35,000 sackings loom as HSBC slashes costs

Top News | Agencies and Kevin Xu 19 Feb 2020

HSBC is set to ax around 35,000 jobs over the next three years after posting weaker-than-expected results, though the impact on the headcount for Asia will be limited.

The London-based lender is planning cost reductions of US$4.5 billion (HK$35.1 billion) for underperforming units in the United States and Europe.

In the meantime, HSBC will accelerate investments in Asia, where the bank draws the bulk of its profit, though it is grappling with risks from protests in Hong Kong and the Covid-19 outbreak.

"Parts of our business are not delivering acceptable returns," interim chief executive Noel Quinn said in the bank's full-year earnings statement.

Quinn, who is also exiting several business lines, added that staff numbers could drop by 15 percent within the next three years.

"We are looking at an endgame of closer to 200,000," he said in an interview with Bloomberg.

"While some roles will be lost as we accelerate automation, and reflect the new group structure, the net impact on headcount in Asia will be low as we continue to invest for growth," said Peter Wong Tung-shun, deputy chairman and chief executive of HSBC.

"Asia is central to the group and will in future form a larger proportion of the group's capital resources."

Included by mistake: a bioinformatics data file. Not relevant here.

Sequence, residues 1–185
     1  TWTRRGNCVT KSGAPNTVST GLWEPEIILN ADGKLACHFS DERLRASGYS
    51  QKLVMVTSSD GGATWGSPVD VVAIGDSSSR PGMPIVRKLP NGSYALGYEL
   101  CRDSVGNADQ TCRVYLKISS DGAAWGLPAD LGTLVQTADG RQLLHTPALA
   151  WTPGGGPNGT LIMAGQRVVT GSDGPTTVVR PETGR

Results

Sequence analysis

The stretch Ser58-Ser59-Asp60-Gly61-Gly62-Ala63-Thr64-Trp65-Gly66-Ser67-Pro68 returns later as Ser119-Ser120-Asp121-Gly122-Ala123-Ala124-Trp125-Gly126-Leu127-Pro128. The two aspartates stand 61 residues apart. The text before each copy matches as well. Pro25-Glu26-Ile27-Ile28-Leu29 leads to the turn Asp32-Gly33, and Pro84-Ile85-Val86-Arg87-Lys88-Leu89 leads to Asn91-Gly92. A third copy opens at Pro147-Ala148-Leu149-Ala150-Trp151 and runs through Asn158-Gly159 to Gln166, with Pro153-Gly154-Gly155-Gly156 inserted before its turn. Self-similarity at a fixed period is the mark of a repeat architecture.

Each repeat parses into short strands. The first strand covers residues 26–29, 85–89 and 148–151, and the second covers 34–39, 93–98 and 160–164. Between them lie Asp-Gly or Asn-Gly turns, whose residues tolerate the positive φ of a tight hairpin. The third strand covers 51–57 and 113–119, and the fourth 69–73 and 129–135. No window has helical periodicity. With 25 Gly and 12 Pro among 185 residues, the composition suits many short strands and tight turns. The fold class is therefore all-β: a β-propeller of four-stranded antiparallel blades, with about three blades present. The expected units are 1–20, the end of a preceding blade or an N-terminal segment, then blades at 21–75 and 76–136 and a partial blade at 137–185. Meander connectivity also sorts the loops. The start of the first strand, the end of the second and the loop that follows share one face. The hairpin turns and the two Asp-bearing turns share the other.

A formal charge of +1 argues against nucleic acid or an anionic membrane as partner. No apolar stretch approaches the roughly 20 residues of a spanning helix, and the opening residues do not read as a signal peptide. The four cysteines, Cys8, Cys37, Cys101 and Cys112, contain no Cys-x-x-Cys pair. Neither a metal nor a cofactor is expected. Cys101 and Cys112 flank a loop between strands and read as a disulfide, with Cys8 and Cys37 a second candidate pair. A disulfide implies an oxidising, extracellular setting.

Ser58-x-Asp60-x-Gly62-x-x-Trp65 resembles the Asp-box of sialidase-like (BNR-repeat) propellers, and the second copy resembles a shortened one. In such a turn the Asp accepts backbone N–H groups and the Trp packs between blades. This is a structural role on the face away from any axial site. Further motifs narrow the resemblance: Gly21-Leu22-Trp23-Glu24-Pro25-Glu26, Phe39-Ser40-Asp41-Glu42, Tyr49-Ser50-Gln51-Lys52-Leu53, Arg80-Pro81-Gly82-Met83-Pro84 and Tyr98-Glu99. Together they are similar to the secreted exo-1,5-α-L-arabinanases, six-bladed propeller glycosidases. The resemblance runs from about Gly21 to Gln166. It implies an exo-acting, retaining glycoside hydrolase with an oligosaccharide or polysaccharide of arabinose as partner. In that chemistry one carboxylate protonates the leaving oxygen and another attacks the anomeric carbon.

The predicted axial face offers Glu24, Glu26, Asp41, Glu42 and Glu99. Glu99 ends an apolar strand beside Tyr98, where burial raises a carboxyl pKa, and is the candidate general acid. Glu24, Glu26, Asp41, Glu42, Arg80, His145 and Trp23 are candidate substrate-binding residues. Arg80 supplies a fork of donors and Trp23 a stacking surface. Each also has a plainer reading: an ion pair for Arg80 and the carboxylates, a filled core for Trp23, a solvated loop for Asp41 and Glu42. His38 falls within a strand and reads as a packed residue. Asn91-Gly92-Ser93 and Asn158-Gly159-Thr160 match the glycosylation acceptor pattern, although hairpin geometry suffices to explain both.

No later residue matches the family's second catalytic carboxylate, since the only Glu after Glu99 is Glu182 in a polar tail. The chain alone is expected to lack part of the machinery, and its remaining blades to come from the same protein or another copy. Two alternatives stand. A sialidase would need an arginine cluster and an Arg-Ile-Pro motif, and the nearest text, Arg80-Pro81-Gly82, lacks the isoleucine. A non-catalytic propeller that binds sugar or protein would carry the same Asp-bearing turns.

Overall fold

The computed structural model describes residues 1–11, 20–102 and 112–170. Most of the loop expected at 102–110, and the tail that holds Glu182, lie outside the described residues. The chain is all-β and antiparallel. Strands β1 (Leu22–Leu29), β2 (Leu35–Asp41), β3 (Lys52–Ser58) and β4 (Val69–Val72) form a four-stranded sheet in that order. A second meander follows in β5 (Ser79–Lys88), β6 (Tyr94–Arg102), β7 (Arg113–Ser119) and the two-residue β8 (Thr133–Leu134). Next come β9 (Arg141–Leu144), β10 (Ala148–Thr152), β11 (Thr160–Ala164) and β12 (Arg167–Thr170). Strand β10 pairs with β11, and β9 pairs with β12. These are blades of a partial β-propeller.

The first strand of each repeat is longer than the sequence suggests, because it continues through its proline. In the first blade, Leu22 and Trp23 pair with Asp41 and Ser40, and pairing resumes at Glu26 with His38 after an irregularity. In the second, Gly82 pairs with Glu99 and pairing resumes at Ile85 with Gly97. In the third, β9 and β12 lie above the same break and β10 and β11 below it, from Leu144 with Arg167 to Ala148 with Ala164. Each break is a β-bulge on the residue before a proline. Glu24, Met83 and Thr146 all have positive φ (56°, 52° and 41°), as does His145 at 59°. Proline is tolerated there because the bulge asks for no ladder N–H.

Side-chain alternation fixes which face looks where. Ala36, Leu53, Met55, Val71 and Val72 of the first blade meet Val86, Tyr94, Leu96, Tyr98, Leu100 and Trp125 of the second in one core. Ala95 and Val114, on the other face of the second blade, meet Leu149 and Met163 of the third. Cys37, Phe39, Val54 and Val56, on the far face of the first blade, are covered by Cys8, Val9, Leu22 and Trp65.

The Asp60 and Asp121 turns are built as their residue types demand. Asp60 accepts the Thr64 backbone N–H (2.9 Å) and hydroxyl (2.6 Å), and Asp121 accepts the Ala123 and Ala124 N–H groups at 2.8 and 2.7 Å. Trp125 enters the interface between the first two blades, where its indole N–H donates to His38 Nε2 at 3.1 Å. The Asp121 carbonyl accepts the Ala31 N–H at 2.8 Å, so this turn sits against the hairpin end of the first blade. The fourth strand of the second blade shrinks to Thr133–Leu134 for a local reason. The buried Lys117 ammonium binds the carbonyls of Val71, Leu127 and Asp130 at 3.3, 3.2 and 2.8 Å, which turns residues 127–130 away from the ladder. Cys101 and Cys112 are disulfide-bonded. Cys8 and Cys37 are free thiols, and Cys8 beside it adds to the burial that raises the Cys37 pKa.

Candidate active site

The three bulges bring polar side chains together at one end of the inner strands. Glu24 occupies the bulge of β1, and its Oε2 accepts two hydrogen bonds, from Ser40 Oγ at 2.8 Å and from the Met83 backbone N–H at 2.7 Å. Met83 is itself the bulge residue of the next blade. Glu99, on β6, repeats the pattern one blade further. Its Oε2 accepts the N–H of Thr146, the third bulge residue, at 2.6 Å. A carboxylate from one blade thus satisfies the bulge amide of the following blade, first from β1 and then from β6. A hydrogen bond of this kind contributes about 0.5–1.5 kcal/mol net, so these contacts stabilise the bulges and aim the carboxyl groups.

The cutbacks will extend into parts of HSBC's European and US investment banking businesses. In the United States, assets linked to its trading operations will be nearly halved under the new plan.

HSBC is also scaling bank its retail network by 30 percent.

The board is deciding whether the sweeping overhaul announced by Quinn is enough to secure him the top job permanently.

Speculation had mounted months ago that Quinn would likely become CEO on a permanent basis but this continues to fade.

Inside sources said earlier this month that HSBC is seriously considering external candidates.

At the same time, HSBC appointed Barry O'Byrne as chief executive of global commercial banking and Charlie Nunn as chief executive of the newly created wealth and personal banking unit.

Antonio Simoes has decided to step down as chief of global private banking and will leaving HSBC this year.

Europe's biggest bank by assets said profit before tax tumbled by a third to US$13.35 billion in 2019, far below the average estimate of US$20.03 billion from brokerages compiled by the bank.


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